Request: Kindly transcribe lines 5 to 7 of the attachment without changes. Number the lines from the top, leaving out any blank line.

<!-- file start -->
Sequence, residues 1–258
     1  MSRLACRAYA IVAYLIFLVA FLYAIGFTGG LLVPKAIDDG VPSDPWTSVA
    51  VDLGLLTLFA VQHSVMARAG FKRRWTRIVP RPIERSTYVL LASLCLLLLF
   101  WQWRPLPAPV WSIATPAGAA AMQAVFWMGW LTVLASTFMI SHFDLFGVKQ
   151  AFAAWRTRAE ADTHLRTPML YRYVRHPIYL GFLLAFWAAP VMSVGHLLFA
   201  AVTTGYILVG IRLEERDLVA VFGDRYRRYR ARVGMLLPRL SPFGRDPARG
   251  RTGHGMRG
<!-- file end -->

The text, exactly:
   151  AFAAWRTRAE ADTHLRTPML YRYVRHPIYL GFLLAFWAAP VMSVGHLLFA
   201  AVTTGYILVG IRLEERDLVA VFGDRYRRYR ARVGMLLPRL SPFGRDPARG
   251  RTGHGMRG